Start: Black '02 Car

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Hurricane Sandy hit the New England area in the Fall of 2012 wreaking tremendous damage to property and taking lives. It also generated thousands of "flood" cars including a 2002 Esprit with ~5K miles.

I bid on the car a few times but the bid was not accepted - the insurance company wanted more money. The last time I bid I won the car for even less money than previously and they accepted the price.


Looks Good


Looks Real Good

But what looks good has been underwater. The question is fresh water or salt water. On the auction sites, flood damage means "fresh" water and "salt" water means... well salt water - don't buy this car. I bought an Aston Martin Vanquish from the same site listed as flood damaged only to find it was salt water damaged - clearly spelled out on the appraiser certificate. So.. there is a lot of risk buying a flood car without inspection.

Upon receiving the car I was startled by its good condition. Typically flood cars can have a lot of mud in them. This car had none. In fact, it was only after close inspection was it clear it was a flood car. The water was rain water and the weather was cold so no mold or mildew.

I put the dehumidifier inside the car for the better part of a week - getting a lot of water out. The main place water hides in these cars (besides under the gas tanks) is in the padding under the floor carpet forward of the seats. After I removed that padding, the rancid smell hit me. Soon after the floor carpet and pads were out the car started smelling like leather. Amazing. All the interior leather was in good shape with the exception of the seats, which are blistered and need to be re upholstered.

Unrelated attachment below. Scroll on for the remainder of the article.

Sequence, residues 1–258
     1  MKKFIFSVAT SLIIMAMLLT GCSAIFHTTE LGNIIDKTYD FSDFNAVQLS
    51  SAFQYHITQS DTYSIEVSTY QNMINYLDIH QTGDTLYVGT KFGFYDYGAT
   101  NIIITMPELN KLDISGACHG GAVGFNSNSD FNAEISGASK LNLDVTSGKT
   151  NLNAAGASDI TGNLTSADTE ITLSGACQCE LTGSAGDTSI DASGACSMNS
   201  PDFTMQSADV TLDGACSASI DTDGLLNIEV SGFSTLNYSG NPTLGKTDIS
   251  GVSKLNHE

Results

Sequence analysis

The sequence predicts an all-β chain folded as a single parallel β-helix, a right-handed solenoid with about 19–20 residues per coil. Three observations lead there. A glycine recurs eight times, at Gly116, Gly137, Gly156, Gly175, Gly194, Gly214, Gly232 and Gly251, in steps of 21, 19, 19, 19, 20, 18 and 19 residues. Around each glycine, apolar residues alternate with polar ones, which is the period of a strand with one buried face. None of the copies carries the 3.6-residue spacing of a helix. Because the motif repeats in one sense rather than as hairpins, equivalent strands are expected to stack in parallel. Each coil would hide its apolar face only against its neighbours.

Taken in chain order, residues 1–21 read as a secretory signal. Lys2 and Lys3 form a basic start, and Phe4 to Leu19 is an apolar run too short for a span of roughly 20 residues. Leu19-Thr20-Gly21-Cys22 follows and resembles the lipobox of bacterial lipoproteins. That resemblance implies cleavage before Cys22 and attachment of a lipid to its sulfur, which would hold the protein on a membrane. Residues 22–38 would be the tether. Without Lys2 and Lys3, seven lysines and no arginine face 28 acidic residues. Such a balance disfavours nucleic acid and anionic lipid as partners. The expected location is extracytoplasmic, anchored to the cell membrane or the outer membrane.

The main problem with a car dunked in freshwater is all moving electrical parts. This includes all relays and electric motors and actuators. The ECM is conformal coded (I think). It survived. I replaced all the relays and fuses.

Opening the oil drain plug revealed a lot of water followed by a lot of oil - sigh.

Draining the gas tanks yielded a little gas and a little water. I changed the oil filter, oil, fuel filter, fuel pump assembly and basically all the sensors. I found the started to be inoperative, so I took of the plenum to have a look at it.


Looks Seized

Since it was stuck, I rebuilt the starter for a few hours.


Looks Better

Whenever I take out a starter, I replace the left side bolt with a flanged one so that I can get a socket on it.


Socket will fit now

The engine was a bit messy so I cleaned it up.


A Mess


Cleaner

I replaced the EGR and IAC vaves with those from the burned '98 yellow car.


Plenum is now in good shape

I had poured some oil in each cylinder for a few days and I replaced  the fluids and put new gas in the tanks.

I then tried to start the car, which did not go so well. I had cleaned the plugs but I could only get a pop. At least the starter worked now. I assumed there was water in the turbos so I vacuumed them out. I kept trying to start the car but heard water dripping in the plenum - but I smelled gas. With vacuum going I was finally able to get the engine started with the throttle mostly open. What came out of the exhaust pipe can only be described as brown/rust oil water ooze. It made a puddle. The engine worked itself out but would not idle. It's then that i realized that the secondary injectors were stuck on so I unplugged them. I started the car and it idled. After a while I started getting some codes in the ECM. After working on these for a while I decided to swap out the ECM and sure enough things got better. The secondary injectors were no longer on etc. One code persisted relating to an oxygen sensor. This cause things to go to hell when the ECM went closed loop. Prior to that things were just fine. I bought a replacement sensor and installed it but have not run the engine to check things out.

A problem I do have is that the turbos are seized. I was able to get the impact gun on them (left hand threads) but they will not budge. I have two turbos from the yellow '98 car. I will either use them or have the current ones rebuilt.

I decided to put the project aside until I had completed a few other cars that were closer to being on the road.

I did replace the headlamp motors, which were seized, and then the headlights raised and lowered. The window motors also need replacing.


Waiting

 That's the end of this update as of July 1, 2013

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